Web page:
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Calcutta ‘trafficker’ on BBC claims police collusion

London, Jan. 24: A BBC investigative report on sex trafficking in India, with Calcutta as the centre of operations, has now been shown to a worldwide television audience, days after it was broadcast to UK listeners on Radio 4.

In the deeply disturbing programme, a Calcutta trafficker — a sort of “Mr Big” in his line of business — alleges he is plying his trade with the blessings of police.

To be fair to the police, the charges are denied emphatically by Shankar Chakraborty who has the sign, “SPL IGP CID”, outside his office in Calcutta. “This is one of the allegations easily brought against the police... because police are doing very well in the field of human trafficking,” he assures the BBC. “The allegation of corruption against police is very negligible. The fight is really on.”

(Contacted by The Telegraph today, Chakraborty denied the trafficker’s allegations. But he added: “This (what has been reported by BBC) is a very serious allegation. If we receive a specific allegation, we can conduct a probe. If a policeman is found hand in glove with the traffickers, he will be dismissed from service immediately and punished according to law.”)

The BBC’s investigative reporter, Natalia Antelava, appears less than convinced and often appalled by what she uncovers.

The face of the trafficker, who is interviewed by Antelava, is dimly lit but it should not be too difficult for the sleuths of Calcutta police — or the man’s neighbours — to figure out who he is. Although shown in profile, the man, interviewed in “a dark house in one of Calcutta’s slums”, has a full head of hair, fleshy lips, generous eyebrows — and an utterly reasonable manner.

In the radio programme, the listener hears an English voiceover — an approximate translation of his words. But in the television version, viewers hear his words mostly in Bengali and rely on English subtitles.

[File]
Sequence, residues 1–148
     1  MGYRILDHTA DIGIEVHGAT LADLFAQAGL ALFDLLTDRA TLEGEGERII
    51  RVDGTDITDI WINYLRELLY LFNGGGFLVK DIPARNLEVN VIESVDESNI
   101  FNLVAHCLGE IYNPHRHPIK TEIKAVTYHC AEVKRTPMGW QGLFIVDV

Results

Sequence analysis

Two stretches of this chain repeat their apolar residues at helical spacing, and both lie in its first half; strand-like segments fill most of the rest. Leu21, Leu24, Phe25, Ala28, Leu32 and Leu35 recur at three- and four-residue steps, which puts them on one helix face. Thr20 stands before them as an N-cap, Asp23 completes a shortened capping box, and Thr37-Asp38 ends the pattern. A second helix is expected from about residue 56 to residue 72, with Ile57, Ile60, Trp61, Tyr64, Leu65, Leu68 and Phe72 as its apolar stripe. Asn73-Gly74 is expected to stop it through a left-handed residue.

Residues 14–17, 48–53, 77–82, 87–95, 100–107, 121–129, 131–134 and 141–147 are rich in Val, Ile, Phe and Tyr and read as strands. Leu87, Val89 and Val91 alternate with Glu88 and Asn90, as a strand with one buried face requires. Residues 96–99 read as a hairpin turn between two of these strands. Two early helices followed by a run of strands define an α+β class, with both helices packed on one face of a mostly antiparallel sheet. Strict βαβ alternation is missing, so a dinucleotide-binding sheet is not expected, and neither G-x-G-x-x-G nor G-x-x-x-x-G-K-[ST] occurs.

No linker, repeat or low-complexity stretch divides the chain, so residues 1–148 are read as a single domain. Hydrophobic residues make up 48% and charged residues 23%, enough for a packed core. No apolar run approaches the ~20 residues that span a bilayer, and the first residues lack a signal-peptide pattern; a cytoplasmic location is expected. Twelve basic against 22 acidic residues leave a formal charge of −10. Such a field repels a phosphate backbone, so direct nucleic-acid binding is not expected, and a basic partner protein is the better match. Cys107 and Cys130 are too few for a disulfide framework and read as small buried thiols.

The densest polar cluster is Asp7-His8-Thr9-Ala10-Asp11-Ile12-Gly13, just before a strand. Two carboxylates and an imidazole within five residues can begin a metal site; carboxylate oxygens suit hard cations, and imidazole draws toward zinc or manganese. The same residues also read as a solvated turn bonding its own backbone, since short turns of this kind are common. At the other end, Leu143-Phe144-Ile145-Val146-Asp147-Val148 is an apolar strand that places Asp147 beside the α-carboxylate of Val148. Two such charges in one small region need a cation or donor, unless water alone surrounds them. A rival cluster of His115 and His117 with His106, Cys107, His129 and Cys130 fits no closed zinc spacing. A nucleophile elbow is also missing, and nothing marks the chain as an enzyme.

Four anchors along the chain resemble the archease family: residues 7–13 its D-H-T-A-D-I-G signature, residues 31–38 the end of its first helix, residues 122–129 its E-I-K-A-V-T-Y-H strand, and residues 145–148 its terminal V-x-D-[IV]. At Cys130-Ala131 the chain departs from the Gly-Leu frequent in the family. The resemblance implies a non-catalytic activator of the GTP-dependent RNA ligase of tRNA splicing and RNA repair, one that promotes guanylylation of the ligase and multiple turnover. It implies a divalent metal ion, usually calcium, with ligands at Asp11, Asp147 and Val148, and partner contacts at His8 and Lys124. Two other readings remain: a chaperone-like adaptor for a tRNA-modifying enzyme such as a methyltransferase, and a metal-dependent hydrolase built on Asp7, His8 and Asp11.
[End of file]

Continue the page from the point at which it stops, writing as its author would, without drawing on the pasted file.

He is introduced by Antelava: “It took us weeks to set up a meeting with a man who sells women for a living.... He tells me he trafficks on average 200 girls a year and makes around $1,000 (Rs 54,000) on each. Most of them are around 12 to 13 years old.”

Although the police deny involvement, the trafficker insists “he pays local politicians and individual policemen for their protection”.

The trafficker says he has to have various forms signed by the police before he is cleared to take charge of the girls. “Pulish ke alada alada forme shoi korte hoi.... thana ke control korte hoi, Delhi hok, Calcutta hok, Haryana hok, Punjab hok — somosto jaiga (the police have to sign various forms... I have to control police thanas in Delhi, Calcutta, Haryana, Punjab, all over the place.)”

(Police officers in Calcutta said today they were not aware of any forms that they need to sign.)

The trafficker begins by confiding, “Ami teente bari korechi Delhi-te (I have three houses in Delhi),” and how he sources the girls, “Meyeder ami pai gramer theke (I get the girls from the villages).”

Antelava found scarcely a village in the Sunderbans area where girls were not missing.

The trafficker goes on: “I explain nicely to the parents I will give the girls work. Often the parents themselves send us the girls so that they can get good jobs.”

The report features the distressing case of a girl, now 18, who was abducted two years ago by neighbourhood men who tricked her into attending a fair where her soft drink was spiked. She ended up in a Delhi brothel where she was beaten and repeatedly raped. Thanks to the determination of her feisty mother, she was rescued but the family is now shunned by neighbours and their home has been stoned.

The man who was allegedly involved in kidnapping the girl is out on bail and threatening to throw acid on her face unless all charges are dropped, her mother tells the BBC.

It is apparent that trafficking is driven by the laws of supply and demand — girls are abducted from Bengal to meet the critical shortage of women in Haryana and Punjab. The kidnapped girls are brought first to Calcutta, the BBC says, before they are sold to the highest bidder.

Antelava follows the case of another girl, aged 14, who ends up in Haryana from where she is rescued in a raid. But the woman who has “bought” her shows no sign of contrition and deftly removes the earrings she had given to the girl.

She does, inadvertently, put her finger on the underlying problem when she insists the girl was given to her son. “There aren’t enough girls here — many buy girls from outside.”